Now I found SD Card Copier and made a backup SD card with success, I swapped the written card with the original. As I did not like to do this job by hand every time I searched for another method and found this:

    As I have an old 2,5 inch laptop hard drive I wanted to use for automatic backupping. Then the problems started as I found out I have a read-only file system and this HD cannot be written to with the above mentioned script. Really nothing goes!

    I suspect this behaviour could have been setup by the Christmas script, but that is strange. I know you are not a linux specialist yourself I cannot understand why this is the normal behaviour of the pi3.

    I have read some articles about corrupt SD cards caused by power outages. I now think I know why you are so keen on having this backup board with a lipo on it. My experience until now is that during all my resetting the pi3 by flipping the power switch myself when I thought things were screwed up I never had a SD card failure. You also have this experience in your house in Spain, where the power is not that reliable too. I found this article that tells it is a good thing to have a read-only file system, but I will not fiddle with my system as described there.

    On the side of all this I noticed a thing about the pi user being a member of the sudo group. In the blog is is written you have to be sure pi is a member of it. What I see when opening the file manager then pi is listed as a member of group pi in the permissions box of the file manager. I have no idea if this is wrong and will have influence on the problems I experience!

    Can any one guide me out of this situation and explain how to be able to use the backup script on an external drive?

    1. So for other people having same problems:
      I installed gnome-schedule, gparted and I could work without learning Linux deeply. I edited the backup script to my needs and now I have a working backup automatically going every night. I formatted the external disk to NTFS so I could detach it from my "dead" RPI just in case and I can write a new image from the latest backup with Win32 DiskImager on my PC to the "dead" SD-card. Occasionally I make a copy with SD Card Copier, as extra safety. All with very little attention needed.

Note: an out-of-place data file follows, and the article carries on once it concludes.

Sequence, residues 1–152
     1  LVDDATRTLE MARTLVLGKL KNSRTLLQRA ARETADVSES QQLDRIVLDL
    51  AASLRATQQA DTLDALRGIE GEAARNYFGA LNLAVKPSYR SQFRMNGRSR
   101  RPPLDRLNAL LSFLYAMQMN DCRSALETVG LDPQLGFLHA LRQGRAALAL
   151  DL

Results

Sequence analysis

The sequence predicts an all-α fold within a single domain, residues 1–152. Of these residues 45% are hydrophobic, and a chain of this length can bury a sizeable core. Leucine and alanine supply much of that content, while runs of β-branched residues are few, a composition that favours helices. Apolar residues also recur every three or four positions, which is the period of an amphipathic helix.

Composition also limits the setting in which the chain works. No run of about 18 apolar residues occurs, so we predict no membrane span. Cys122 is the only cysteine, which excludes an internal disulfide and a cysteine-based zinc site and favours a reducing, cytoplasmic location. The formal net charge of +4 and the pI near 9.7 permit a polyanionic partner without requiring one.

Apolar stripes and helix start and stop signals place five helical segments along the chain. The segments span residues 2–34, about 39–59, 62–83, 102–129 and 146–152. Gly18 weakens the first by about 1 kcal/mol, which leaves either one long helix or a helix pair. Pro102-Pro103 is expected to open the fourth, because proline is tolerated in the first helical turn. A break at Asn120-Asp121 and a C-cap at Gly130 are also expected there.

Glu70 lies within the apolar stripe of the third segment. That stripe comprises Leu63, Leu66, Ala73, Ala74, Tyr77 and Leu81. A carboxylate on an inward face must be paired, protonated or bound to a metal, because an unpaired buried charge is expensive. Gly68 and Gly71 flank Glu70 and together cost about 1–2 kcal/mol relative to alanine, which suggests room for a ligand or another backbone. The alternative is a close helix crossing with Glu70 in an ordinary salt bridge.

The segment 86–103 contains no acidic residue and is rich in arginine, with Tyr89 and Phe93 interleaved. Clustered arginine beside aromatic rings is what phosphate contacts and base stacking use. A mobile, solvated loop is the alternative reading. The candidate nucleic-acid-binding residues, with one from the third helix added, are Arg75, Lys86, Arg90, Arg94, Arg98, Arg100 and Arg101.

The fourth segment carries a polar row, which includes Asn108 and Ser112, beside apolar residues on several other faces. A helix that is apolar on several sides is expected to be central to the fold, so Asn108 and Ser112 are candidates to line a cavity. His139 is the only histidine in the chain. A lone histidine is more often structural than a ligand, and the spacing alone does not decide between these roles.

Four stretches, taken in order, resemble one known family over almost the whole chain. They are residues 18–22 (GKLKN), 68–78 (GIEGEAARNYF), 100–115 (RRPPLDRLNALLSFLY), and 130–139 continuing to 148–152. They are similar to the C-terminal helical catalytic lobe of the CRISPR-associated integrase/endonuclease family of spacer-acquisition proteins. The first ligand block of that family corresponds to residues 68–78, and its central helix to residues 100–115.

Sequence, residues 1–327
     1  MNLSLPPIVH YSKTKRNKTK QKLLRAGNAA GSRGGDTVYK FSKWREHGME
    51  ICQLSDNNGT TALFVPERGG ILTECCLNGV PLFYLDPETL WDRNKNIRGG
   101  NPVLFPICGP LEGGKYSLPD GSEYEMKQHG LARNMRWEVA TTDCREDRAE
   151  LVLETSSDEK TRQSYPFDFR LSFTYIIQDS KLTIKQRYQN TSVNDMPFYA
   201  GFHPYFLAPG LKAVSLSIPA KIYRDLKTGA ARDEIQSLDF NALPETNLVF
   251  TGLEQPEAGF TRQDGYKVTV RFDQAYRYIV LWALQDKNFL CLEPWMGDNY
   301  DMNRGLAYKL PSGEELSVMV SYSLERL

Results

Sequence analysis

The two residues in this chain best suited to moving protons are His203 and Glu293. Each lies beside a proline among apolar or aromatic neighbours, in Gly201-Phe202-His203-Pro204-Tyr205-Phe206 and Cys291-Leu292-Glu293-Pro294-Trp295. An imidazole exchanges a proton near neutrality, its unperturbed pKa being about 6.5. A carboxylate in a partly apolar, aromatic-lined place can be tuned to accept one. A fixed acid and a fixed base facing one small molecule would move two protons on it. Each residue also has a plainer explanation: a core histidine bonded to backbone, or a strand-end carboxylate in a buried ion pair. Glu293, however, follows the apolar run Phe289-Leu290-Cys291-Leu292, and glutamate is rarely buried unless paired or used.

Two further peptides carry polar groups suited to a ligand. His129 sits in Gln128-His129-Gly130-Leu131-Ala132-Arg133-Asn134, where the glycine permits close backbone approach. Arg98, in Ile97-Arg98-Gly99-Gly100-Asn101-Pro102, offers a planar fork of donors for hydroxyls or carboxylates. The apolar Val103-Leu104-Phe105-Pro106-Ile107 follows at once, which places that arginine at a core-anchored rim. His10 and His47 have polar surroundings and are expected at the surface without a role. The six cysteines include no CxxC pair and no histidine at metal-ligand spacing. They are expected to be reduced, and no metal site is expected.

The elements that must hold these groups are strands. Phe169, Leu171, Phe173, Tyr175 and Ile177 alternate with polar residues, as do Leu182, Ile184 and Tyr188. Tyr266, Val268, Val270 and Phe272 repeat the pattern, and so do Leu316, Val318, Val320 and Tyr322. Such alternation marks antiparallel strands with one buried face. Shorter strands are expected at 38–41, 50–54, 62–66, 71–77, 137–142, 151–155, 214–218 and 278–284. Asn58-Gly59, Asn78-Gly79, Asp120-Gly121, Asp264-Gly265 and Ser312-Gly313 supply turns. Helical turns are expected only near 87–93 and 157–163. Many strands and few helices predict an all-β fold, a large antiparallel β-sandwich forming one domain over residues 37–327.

Why not integrate this in the startup script to make live easier for Linux illiterates.

  25. Just a suggestion,

    How about adding the following to the install list?

    jquery, vnc (remote viewing) and the ftp node.

    Thanks for the good work!!

      1. What I meant by JQUERY was... if you're doing anything with Node-Red Dashboard - like using a template - you have full access to jQuery in there without having to insert a link

  26. Yes, to the Node-Red ftp node (node-red-contrib-ftp). I coundn't find the directory where jquery was located, but I will look again. Will do the same using a wildcard to see which version of the vnc server might already be installed with Raspbian. Might just need to do a configure for automatic startup at boot.


  27. Ok, just got a couple of new RPi3's and downloaded the latest Rasbian and wanted to install the system "headless". After using the trick to have SSH enabled at boot up (which by the way don't work for Ubuntu even if that is the directions) 🙁 Then after following you direction plus a few more to get a working password for root and pi added to the sudo user group I loaded you script to /home/pi then chmod to 744. When I tried to run it with just ./ I got a (bash: ./ /bin/bash^M: bad interpreter: No such file or directory) error. When I did it (bash ./ it just bailed out back to command prompt. No menu, nothing. Can someone tell me what I am missing??? Thanks

    1. Sounds to me like the file is saved in PC format.... needs to be saved in Linux format - that is - with only Linefeeds (I think that's right) and not both CRLF. I've never understood the message when that is wrong.

      1. the first line (called SHEBANG or HASHBANG, and starting with #! ) in a unix script tells the shell which interpreter to use to execute the following lines... the error is just saying that there's no interpreter called: